Editor’s Picks: Our Favorite Stories Of 2018

It can be easy to make your way in the digital age by publishing only listicles, rankings, and clickbait headlines. But at Poets&Quants, we have a team of professional journalists who take the business education beat seriously. We work beyond basic stories, digging our teeth into more meaningful and in-depth reporting. And at the end of the year, we like to go back through some of our most in-depth and meaningful articles and repost some of our favorites.

This year those include a deep-dive into how schools are helping students dealing with anxiety and mental health issues, and an exploration of the trend in banking and financial services to recruit top talent earlier and earlier in undergrad.

We explored market trends changing the very nature of business education, including big data and business analytics, artificial intelligence, and financial technology (FinTech). And we looked at how more and more schools are elbowing their way into the Silicon Valley ecosystem, sending students on West Coast treks to visit such companies as Amazon, Google, Facebook, and Apple.

The following ten articles were are favorites of 2018.

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AI Is Coming. What Does That Mean For Business Schools?

This past October, Massachusetts Institute of Technology made headlines around the world by announcing it would invest $1 billion into a new college of computing, which would pave way for a renewed emphasis on the development of artificial intelligence. Obviously, AI has been around for years, but academia and the markets alike are putting significant resources into the development of AI that will alter how work — and management — is conducted. On the heels of MIT’s announcement, we asked some leading business professors about the significance of AI on the future of business education and how it will be approached and taught.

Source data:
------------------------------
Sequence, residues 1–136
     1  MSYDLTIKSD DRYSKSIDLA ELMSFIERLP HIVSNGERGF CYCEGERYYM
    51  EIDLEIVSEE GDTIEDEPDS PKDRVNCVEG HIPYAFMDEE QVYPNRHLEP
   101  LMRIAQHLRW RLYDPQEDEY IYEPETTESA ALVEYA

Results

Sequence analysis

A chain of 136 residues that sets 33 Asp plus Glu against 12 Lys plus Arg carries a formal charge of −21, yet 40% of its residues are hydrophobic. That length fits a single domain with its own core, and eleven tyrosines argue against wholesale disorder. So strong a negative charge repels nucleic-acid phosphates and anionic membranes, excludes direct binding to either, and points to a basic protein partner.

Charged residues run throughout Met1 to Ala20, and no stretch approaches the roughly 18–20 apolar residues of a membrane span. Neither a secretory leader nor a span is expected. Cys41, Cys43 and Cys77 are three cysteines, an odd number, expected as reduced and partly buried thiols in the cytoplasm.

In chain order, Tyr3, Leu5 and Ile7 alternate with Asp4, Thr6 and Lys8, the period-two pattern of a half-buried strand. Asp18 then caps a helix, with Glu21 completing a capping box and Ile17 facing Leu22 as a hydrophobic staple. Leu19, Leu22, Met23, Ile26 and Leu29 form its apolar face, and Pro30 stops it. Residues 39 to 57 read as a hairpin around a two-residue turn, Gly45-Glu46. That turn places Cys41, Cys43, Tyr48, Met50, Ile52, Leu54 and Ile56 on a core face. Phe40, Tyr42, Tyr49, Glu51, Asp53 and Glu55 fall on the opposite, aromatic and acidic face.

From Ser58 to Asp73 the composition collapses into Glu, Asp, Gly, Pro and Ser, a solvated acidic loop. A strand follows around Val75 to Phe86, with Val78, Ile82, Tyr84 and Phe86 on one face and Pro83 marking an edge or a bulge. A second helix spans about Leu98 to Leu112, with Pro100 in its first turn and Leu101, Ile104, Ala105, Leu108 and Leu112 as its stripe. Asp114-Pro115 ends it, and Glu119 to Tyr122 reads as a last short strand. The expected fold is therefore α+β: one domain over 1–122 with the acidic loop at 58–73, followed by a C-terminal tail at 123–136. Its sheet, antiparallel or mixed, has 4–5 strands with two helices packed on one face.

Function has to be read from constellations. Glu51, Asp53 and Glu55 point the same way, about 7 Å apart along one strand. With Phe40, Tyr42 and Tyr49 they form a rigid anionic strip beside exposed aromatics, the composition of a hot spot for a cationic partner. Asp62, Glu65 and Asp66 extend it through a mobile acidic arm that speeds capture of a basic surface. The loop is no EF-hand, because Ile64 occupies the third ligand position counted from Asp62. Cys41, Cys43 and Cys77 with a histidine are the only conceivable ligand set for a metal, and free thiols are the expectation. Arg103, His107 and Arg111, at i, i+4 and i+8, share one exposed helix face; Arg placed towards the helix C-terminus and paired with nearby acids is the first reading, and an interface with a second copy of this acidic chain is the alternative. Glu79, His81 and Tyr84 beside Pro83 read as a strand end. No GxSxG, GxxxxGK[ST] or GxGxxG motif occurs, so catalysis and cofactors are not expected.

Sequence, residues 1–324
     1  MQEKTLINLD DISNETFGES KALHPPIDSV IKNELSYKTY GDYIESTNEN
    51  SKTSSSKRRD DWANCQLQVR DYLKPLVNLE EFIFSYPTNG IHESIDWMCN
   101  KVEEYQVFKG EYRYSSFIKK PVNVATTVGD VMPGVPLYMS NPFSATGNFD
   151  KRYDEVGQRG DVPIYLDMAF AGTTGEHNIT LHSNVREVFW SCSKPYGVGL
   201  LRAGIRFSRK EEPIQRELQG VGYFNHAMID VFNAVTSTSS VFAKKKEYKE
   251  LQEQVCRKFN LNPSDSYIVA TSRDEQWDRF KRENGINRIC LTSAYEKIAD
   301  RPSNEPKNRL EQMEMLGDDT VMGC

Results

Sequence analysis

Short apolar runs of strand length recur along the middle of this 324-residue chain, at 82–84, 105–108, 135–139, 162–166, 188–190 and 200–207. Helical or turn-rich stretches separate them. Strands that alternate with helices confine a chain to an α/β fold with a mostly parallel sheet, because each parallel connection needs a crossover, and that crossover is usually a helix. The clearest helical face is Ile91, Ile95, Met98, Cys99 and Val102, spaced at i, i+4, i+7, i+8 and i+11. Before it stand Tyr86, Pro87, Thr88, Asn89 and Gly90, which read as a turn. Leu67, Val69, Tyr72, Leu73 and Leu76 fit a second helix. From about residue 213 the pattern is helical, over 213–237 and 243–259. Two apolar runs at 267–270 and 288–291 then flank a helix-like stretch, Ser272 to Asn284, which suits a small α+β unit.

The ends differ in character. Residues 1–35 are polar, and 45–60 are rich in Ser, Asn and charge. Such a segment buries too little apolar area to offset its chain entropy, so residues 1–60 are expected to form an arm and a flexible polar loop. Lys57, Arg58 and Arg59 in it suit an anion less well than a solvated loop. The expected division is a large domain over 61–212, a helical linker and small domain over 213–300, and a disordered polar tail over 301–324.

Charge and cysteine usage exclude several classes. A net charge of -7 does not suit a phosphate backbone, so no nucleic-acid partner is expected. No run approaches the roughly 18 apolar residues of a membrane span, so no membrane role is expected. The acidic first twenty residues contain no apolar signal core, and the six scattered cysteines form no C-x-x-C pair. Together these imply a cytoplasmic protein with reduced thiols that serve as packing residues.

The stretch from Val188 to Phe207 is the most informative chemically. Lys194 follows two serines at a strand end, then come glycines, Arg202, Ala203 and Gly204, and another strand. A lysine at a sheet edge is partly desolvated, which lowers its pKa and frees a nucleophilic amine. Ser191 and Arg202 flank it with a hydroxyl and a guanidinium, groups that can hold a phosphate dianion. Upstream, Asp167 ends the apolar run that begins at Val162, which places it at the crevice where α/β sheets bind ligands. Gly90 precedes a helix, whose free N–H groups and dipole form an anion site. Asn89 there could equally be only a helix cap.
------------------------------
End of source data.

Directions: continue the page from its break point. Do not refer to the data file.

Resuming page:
“The message MIT is sending is that AI is here to stay and we’d better adapt ourselves,” Arthur Carvalho, Dinesh & Ila Paliwal Innovation Chair & Assistant Professor in Information Systems & Analytics at the Farmer School of Business at Miami University told us in October. “I believe that other universities will follow very soon, and this initiative by MIT will not be the only one.”

The potential of AI and impact it will have on data and data collection is one piece of why many current and future B-school students are demanding to learn about business analytics and big data decision making. It’s something that can’t be overlooked and many B-schools are responding.

“AI has already transformed business today with machine learning and systems designed to take in data in real time to analysis preferences and tendencies before updating the same systems to optimize their performance,” says Eric Schwartz, assistant professor of marketing at University of Michigan’s Ross School of Business. “Change is already here.”

Business Analytics Wave Sweeps Across B-Schools

Still not convinced of the importance of business analytics and its influence on business education? Consider this. In the fall of 2017, the University of Notre Dame’s Mendoza College of Business launched its first major in about 35 years. Mendoza joined a slew of B-schools already with minors, majors, or concentrations in big data and business analytics.

“It’s not just a buzzword that catches people’s fancy. There is a very strong demand for it,” Raj Singh, associate dean of the undergraduate program at the University of Minnesota’s Carlson School of Management told us last January. “Look at what companies have done today. Take Amazon, for instance. They’re using data for every decision and every move that the company makes. At some level, business schools are a little bit behind the current. Industry is out there, they’re using it, and they’re looking for skills.”

Expectations of students and employers alike are playing the largest role in pushing schools to develop and innovate curriculum in the space. And big data and analytics continue to become increasingly intertwined in day-to-day management, it will also become increasingly intertwined in business education. It won’t be long before every major B-school has some sort of big data-related curriculum.

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